My predictions for 2010 (as published in PM360)
1). Pharmaceutical clients will increasingly scrutinize and question how much of their advertising money is flowing through agency-owned ad networks or ad exchanges. As the lines of media buying and selling continue to blur, clients will become increasingly concerned about the objectivity of their agencies, and rightfully so. The area of most concern is where agencies are spending the clients’ dollars with media properties, ad networks, or ad exchanges which are owned by their own parent ad agency.
2). While the clouds of recession will continue to part and the sun will slowly get increasingly brighter, 2010 will continue to see economic darwinism at its finest. Many unhealthy businesses that were hanging on through 2009 in hopes of a rebounding economy will capitulate to the inevitable forces of insolvency. A bad or outdated business model will not rebound even when the economy does. Expect further layoffs, bankruptcies, and shot-gun mergers as a result.
3.) The battle between Apple and Google will intensify as Apple launches its tablet and the arms race for quality and quantity “Apps” accelerates. In the pharmaceutical market, this will be very evident, and disruptive to the incumbents, in the race to capture physician attention on point-of-care devices.
4.) Google will not sit on its laurels in the mobile market, but rather will continue to attack Apple and other mobile players. Google will fight for market domination of its Android mobile operating system with the vigor and intensity it previously reserved only for the search market. By shedding itself of non-core businesses, or at least reducing their focus and priority on them, Google will continue to gain market share in mobile and may even surpass Apple in this market in 2010.
5.) The weaker medical journals will continue to shut down due to decreasing advertising revenue, while the stronger publications will benefit from a less-saturated market. Look for strengthening of the market-leading titles and an expansion of their businesses into other media channels. The weed-out process was and will continue to be painful, but in the long-term it is healthy capitalism at work. The market had too many print journals chasing too few physicians and a decreasing pool of print advertising dollars. We are returning to a degree of normalcy and the strong will get stronger.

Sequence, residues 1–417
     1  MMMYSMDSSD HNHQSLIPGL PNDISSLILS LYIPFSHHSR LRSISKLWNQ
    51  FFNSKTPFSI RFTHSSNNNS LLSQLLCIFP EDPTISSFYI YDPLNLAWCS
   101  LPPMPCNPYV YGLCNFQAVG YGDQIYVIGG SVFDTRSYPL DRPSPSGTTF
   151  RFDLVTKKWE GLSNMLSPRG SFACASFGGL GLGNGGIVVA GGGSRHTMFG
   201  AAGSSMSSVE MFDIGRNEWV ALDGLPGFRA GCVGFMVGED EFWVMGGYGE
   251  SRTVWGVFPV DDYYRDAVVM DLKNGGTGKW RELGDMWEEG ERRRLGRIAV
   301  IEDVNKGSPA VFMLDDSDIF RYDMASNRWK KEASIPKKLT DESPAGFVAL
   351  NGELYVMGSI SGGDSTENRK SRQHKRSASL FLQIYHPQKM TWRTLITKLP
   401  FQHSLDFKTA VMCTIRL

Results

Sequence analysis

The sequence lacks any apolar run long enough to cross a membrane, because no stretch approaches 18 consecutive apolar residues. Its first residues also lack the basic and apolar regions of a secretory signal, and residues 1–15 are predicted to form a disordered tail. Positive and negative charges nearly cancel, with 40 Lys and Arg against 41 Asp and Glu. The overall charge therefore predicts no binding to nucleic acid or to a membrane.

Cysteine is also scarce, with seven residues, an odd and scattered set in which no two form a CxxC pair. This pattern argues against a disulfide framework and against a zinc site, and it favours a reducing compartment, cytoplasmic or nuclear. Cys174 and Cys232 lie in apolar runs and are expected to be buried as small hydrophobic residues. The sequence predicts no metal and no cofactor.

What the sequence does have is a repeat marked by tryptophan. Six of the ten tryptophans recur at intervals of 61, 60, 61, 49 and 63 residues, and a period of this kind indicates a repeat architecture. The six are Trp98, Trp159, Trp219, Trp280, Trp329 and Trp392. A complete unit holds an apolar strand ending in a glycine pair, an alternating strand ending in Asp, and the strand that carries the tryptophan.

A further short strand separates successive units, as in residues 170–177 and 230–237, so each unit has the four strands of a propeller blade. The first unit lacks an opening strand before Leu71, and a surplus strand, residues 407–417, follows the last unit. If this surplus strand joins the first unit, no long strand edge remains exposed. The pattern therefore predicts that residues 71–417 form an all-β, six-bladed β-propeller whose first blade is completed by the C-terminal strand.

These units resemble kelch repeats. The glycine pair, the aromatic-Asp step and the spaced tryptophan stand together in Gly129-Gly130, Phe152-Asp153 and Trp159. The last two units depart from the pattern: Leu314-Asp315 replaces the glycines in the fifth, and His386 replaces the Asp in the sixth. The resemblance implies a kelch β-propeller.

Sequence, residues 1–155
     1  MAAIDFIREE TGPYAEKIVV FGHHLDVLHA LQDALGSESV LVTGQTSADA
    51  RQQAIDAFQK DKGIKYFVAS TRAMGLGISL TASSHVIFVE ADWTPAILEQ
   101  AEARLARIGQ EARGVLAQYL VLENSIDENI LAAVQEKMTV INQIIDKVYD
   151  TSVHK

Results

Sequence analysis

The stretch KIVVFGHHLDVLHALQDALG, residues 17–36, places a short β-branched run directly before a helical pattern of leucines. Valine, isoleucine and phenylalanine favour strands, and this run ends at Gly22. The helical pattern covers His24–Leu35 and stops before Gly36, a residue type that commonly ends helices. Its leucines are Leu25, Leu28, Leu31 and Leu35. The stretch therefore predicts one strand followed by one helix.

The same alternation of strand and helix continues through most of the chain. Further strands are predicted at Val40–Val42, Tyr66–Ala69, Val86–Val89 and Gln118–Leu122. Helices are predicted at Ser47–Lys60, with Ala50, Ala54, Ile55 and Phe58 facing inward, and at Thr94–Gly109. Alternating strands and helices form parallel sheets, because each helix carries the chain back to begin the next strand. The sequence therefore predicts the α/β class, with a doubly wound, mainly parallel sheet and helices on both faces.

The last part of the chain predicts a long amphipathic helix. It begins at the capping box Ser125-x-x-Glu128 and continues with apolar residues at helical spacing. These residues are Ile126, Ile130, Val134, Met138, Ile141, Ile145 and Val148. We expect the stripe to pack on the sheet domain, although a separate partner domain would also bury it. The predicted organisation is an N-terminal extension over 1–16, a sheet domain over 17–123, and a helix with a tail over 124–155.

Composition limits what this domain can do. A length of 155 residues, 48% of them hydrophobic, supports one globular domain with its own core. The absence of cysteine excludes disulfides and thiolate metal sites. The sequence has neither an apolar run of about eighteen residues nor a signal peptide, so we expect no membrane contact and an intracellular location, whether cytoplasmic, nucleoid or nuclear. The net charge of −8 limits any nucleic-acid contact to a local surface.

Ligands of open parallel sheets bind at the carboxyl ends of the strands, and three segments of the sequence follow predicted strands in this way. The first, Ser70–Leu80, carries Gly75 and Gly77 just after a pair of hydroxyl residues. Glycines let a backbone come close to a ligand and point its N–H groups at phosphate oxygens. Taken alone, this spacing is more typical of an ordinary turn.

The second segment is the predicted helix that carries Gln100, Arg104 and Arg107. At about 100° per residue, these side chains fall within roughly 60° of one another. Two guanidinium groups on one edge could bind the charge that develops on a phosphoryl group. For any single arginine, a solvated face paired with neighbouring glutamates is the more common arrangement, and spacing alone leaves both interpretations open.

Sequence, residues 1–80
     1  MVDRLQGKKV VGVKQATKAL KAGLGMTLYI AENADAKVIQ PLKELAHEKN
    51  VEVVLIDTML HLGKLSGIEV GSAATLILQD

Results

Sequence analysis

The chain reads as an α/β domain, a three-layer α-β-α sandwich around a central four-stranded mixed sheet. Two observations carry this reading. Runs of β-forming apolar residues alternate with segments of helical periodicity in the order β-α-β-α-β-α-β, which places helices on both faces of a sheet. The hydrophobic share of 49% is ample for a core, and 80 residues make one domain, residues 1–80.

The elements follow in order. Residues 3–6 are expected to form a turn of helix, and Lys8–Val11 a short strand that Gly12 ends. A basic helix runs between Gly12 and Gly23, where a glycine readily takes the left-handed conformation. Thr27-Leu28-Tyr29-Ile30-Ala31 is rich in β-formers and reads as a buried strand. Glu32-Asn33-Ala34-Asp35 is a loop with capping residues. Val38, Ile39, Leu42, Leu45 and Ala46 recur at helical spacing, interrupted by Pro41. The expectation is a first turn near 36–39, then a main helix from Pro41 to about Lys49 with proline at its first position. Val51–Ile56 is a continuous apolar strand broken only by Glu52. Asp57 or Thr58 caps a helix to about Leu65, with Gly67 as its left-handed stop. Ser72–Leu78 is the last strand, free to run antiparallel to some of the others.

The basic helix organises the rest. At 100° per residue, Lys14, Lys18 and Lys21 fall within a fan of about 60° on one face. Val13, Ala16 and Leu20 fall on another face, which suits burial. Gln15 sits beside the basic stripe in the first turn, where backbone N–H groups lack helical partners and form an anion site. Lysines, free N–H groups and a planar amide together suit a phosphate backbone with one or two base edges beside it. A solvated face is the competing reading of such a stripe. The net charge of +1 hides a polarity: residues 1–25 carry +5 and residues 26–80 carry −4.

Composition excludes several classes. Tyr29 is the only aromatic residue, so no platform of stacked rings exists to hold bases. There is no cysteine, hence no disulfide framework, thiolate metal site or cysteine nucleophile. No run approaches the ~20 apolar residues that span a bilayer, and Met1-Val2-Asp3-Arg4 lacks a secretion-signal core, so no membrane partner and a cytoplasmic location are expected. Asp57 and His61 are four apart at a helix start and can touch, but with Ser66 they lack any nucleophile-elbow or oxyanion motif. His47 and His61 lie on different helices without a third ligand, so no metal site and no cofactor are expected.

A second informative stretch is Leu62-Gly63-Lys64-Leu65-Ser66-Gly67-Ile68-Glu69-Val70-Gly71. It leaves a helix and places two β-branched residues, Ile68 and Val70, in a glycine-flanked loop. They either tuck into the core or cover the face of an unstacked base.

6.) It is very likely that just under the wire before year-end 2010, the FDA will release long overdue guidelines for online advertising with a focus on pharma interactions with both search and user-generated content. The guidelines will probably not be earth shattering, as the FDA has and will continue to seek feedback in the form of public comments. Expectations of what will be covered and included in the guidelines will be covered widely by the media and blogosphere, making the guidelines themselves anti-climatic. However, the formalization of guidelines may be just the assurance the industry needs in order for pharma’s online spending to reach parity with other industries’ at greater than 10% of marketing budgets going to online initiatives. Of course I’ve been predicting pharma would spend 10% of its budget online since 2007, so take this prediction with a grain of salt.
7.) The Democrats will pass healthcare reform in 2010 in a form close to today’s pending legislation, though probably slightly watered down. The changes will be substantial and far-reaching, but will not be earth-shattering for pharma. In some respects, particularly the requirement for far more Americans to secure health insurance, reform may be a boost for business. Rest assured that, in any form, reform will come with higher taxes across the board. Insurance companies, employers and consumers may be most at risk as new regulation may recognize portions of health insurance as a taxable benefit.
8). Congress may debate and even act on taking a tougher stance on privacy laws as they pertain to online advertising and behavioral targeting (the act of targeting someone based on prior behaviors such as visiting a diabetes site, and then following them around the web with a diabetes advertisement) in particular. This may include a requirement for a consumer to opt-in to such targeting as opposed to offering consumers the ability to opt-out. It is not too late for industry to self-regulate on these matters, and the IAB (Internet Advertising Bureau) is making a concerted effort towards educating the public and coordinating the web publishing community. I hope I’m wrong on this one, but legislation may be inevitable.
9.) The “great shift” of media dollars from offline toward online will continue in 2010. Total pharmaceutical marketing expenditure may grow only nominally or even shrink in 2010, however, online will continue to take marketshare from off-line vehichles for the foreseeable future. This great shift is driven by the accountability and measurability of online programs.
10.) With the proliferation of mobile and continuously improving targeting techniques, 2010 may be the year where interactive media emerges as a significant compliance and adherence tool for pharma. Beyond just a branding and performance-based media channel, the interactive promise of real-time notifications, prescription reminders, refill reminders, side-effect safety profiles delivered on a timely basis, etc… is here for pharmaceutical companies eager to take advantage of it.